JACKSON — The Mississippi Department of Public Safety said Friday that its internal investigation found no criminal conduct by a white Highway Patrol trooper who used physical force against a handcuffed Black man during an arrest — a confrontation caught on video by relatives of the man being arrested.
An investigation started after the relatives’ video of the Aug. 5 incident went viral. The footage showed the trooper putting a handcuffed man into a chokehold and wrestling him into a grassy ditch in a rural area near the south Mississippi city of McComb.
The department and investigators from two of its divisions, the Mississippi Highway Safety Patrol and the Mississippi Bureau of Investigation, said they completed all necessary inquiries.
“A review of this incident by MBI agents and command staff produced no evidence of criminal conduct by the trooper throughout the encounter,” Lt. Col. Charles Haynes, director of the Mississippi Bureau of Investigation, said in a news release.
The Department of Public Safety released nearly 40 minutes of video and audio. It included video shot by cameras in the trooper’s patrol car, audio captured by the trooper and video shot by brothers of the first man arrested. Although some of the patrol car footage was silent, the department said it had synchronized the video and the audio clips.
Part of the footage shows Eugene Lewis standing in the road in handcuffs as his brother Gary, who also goes by the name “Packer” Lewis, and another brother, Derrius Lewis, yelled that they were recording the incident. Suddenly, the trooper grabbed Eugene Lewis by the neck and pulled him across the road, tackling him to the ground. At one point, the trooper appeared to use his knee to pin him down.
Investigators identified the trooper as Hayden Falvey. In the combined video and audio, Lewis can be heard telling Falvey, “I can’t breathe,” to which the trooper responded, “You’re running your mouth. You can breathe.”
According to the news release, Falvey pulled over Lewis for speeding and other traffic violations. It also said Falvey alleged he smelled burnt marijuana from the vehicle, and Lewis’ eyes were bloodshot and glassy.
In patrol car dashboard camera footage and audio released Friday, Falvey can be heard saying to Eugene Lewis: “Did you smoke some weed recently?”
Lewis replied that he had done so about 40 or 50 minutes earlier.
“OK,” Falvey said as he patted down Lewis. “Not a big deal.”
Falvey put handcuffs on Lewis, saying it was a precaution as he searched Lewis’ SUV. The trooper said Lewis was not under arrest at that point and asked Lewis several questions about whether he had ever been arrested and whether any marijuana or other drugs were in the vehicle. Lewis said he had previously been arrested for selling cocaine.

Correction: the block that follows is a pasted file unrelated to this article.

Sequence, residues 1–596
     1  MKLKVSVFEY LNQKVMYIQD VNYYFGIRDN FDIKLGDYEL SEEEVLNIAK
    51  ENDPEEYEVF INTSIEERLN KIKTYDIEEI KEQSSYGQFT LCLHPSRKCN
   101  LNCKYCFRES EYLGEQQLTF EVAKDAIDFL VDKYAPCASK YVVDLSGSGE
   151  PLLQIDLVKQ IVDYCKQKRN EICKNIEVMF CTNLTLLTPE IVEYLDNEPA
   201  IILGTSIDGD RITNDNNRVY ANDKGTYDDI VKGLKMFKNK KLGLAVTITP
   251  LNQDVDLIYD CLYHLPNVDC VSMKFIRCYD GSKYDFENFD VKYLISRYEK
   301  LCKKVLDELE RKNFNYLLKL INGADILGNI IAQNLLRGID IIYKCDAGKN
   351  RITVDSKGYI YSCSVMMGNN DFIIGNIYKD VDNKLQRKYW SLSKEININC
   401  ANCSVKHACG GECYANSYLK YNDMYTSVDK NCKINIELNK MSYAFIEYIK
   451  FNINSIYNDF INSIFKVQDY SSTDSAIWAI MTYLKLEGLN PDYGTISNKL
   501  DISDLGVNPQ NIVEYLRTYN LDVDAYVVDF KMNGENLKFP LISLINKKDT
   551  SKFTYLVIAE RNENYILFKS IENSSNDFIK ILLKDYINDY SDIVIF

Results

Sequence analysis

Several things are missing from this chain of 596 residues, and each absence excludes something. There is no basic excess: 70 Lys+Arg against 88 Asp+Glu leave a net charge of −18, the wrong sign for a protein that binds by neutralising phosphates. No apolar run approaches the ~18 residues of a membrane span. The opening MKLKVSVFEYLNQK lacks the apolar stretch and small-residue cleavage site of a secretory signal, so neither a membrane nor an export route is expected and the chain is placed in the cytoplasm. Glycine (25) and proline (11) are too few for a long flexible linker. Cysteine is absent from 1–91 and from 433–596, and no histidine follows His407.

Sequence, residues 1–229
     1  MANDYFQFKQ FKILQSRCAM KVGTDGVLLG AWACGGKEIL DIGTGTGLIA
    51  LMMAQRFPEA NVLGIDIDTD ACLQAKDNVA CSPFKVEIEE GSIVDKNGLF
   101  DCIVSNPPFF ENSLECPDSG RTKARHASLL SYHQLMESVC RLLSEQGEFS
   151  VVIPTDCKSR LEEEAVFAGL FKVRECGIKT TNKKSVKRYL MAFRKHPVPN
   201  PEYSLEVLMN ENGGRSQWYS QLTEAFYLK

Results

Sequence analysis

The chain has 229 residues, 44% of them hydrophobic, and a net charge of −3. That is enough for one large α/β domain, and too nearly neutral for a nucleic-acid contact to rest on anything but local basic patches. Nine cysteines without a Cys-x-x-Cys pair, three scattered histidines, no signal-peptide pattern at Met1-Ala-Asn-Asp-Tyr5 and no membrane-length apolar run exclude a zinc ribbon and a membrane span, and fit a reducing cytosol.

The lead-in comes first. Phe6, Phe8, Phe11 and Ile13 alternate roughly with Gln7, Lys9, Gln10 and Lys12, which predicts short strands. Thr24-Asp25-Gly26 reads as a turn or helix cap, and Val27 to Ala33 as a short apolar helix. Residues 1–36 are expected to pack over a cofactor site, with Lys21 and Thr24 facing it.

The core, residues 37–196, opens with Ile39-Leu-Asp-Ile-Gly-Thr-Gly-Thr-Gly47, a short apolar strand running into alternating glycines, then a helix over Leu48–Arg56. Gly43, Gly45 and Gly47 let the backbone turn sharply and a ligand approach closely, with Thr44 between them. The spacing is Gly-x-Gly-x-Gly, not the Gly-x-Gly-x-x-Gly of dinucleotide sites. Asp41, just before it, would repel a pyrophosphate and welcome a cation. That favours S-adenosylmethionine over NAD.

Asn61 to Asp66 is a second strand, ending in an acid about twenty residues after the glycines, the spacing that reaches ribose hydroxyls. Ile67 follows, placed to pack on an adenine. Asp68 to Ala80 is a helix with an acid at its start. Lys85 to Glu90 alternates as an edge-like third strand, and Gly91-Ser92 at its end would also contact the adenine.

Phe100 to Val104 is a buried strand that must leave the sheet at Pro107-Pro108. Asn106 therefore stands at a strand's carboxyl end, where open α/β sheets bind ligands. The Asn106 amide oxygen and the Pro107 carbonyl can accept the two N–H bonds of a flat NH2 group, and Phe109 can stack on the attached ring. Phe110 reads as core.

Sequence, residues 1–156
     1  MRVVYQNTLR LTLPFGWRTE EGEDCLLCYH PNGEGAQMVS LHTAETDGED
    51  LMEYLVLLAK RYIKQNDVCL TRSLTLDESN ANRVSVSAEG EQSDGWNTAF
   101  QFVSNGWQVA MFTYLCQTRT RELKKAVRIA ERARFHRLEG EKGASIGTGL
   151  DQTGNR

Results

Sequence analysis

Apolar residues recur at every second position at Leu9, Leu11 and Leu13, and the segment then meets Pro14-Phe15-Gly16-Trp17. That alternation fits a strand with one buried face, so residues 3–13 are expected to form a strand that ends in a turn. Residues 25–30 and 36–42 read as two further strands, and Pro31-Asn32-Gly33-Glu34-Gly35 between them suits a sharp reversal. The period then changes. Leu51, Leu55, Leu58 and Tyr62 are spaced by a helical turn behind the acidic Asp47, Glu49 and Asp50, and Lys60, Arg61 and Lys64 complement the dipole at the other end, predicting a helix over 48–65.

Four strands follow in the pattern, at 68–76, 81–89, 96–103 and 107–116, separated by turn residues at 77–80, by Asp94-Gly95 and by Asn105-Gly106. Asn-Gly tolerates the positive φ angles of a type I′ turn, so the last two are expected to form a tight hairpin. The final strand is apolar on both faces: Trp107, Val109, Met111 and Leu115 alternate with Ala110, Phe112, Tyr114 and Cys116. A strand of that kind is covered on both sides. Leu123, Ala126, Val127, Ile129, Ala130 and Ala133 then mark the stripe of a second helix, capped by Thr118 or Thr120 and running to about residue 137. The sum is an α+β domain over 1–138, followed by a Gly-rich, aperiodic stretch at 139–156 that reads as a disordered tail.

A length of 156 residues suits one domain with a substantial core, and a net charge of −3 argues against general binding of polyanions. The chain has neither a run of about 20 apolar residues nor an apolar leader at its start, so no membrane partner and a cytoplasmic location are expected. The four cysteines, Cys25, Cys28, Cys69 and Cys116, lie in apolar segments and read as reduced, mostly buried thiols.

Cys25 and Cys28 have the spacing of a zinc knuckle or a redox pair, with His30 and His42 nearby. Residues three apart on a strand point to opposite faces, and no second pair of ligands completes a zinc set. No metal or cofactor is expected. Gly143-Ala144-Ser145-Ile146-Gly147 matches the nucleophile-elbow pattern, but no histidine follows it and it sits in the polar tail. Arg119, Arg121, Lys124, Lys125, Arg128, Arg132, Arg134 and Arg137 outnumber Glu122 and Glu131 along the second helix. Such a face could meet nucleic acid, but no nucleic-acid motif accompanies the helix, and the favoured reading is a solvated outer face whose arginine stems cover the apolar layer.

During the trooper’s vehicle search, Gary and Derrius Lewis drove up in a Dodge Charger, stopped and got out of their vehicle. They identified themselves as Lewis’ brothers. After a brief exchange with Falvey, the brothers left. They soon returned to shoot cellphone video as the trooper’s physical altercation with Eugene Lewis started.
After Falvey put Eugene Lewis into the patrol car and buckled his seatbelt, Lewis used obscenities against the trooper.
“I’m glad you feel that way, sir,” Falvey responded.
Video shot by one of Eugene Lewis’ brothers showed another state trooper arriving. It also showed one of the troopers walking toward the two brothers and pointing a weapon at one of them.
Troopers arrested Eugene Lewis’ two brothers. In the audio released Friday, Falvey can be heard telling the men they should not have stopped to shoot video.
“Your brother is going to jail,” Falvey said. “Now all of y’all are catching charges for your theatrics.”
Packer Lewis said his brothers were released from jail that night, but he was kept two more days because of a past charge on his criminal record. He said he is facing nine charges related to the incident, including obstruction of justice. Eugene Lewis is also facing eight charges and Derrius Lewis is facing five charges.
Tindell defended the troopers’ decision to arrest the brothers who shot video of the incident.
“While DPS and MHSP recognize and respect the right of citizens to observe, and even record, law enforcement officers executing their duties, those rights are not without limitations,” Tindell said in the news release. “As you will see, this event is a prime example of how even a routine traffic stop can quickly turn into a dangerous situation for both citizens and law enforcement officers when subjects resist arrest and when uninvolved persons interfere.”
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